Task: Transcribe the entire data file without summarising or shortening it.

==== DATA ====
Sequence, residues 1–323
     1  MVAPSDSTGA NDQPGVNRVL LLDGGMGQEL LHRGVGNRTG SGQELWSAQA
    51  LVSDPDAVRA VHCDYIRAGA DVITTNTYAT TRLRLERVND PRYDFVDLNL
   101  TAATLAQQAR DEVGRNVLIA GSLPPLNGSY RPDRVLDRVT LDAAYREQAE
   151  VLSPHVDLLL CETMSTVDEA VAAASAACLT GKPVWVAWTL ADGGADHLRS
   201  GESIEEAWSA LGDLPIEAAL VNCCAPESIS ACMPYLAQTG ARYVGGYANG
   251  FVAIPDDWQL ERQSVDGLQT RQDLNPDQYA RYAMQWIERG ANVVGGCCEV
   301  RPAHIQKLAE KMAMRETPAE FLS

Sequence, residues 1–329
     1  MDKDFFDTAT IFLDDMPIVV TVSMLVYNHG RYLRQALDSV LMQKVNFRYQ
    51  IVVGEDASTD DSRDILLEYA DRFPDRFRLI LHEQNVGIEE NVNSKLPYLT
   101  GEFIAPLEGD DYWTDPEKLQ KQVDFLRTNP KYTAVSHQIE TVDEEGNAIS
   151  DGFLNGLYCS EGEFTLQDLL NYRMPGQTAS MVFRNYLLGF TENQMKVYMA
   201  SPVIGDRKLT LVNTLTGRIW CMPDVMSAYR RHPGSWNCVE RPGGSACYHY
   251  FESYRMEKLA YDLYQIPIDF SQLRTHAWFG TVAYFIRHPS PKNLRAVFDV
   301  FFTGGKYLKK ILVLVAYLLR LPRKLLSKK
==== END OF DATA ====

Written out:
Sequence, residues 1–323
     1  MVAPSDSTGA NDQPGVNRVL LLDGGMGQEL LHRGVGNRTG SGQELWSAQA
    51  LVSDPDAVRA VHCDYIRAGA DVITTNTYAT TRLRLERVND PRYDFVDLNL
   101  TAATLAQQAR DEVGRNVLIA GSLPPLNGSY RPDRVLDRVT LDAAYREQAE
   151  VLSPHVDLLL CETMSTVDEA VAAASAACLT GKPVWVAWTL ADGGADHLRS
   201  GESIEEAWSA LGDLPIEAAL VNCCAPESIS ACMPYLAQTG ARYVGGYANG
   251  FVAIPDDWQL ERQSVDGLQT RQDLNPDQYA RYAMQWIERG ANVVGGCCEV
   301  RPAHIQKLAE KMAMRETPAE FLS

Sequence, residues 1–329
     1  MDKDFFDTAT IFLDDMPIVV TVSMLVYNHG RYLRQALDSV LMQKVNFRYQ
    51  IVVGEDASTD DSRDILLEYA DRFPDRFRLI LHEQNVGIEE NVNSKLPYLT
   101  GEFIAPLEGD DYWTDPEKLQ KQVDFLRTNP KYTAVSHQIE TVDEEGNAIS
   151  DGFLNGLYCS EGEFTLQDLL NYRMPGQTAS MVFRNYLLGF TENQMKVYMA
   201  SPVIGDRKLT LVNTLTGRIW CMPDVMSAYR RHPGSWNCVE RPGGSACYHY
   251  FESYRMEKLA YDLYQIPIDF SQLRTHAWFG TVAYFIRHPS PKNLRAVFDV
   301  FFTGGKYLKK ILVLVAYLLR LPRKLLSKK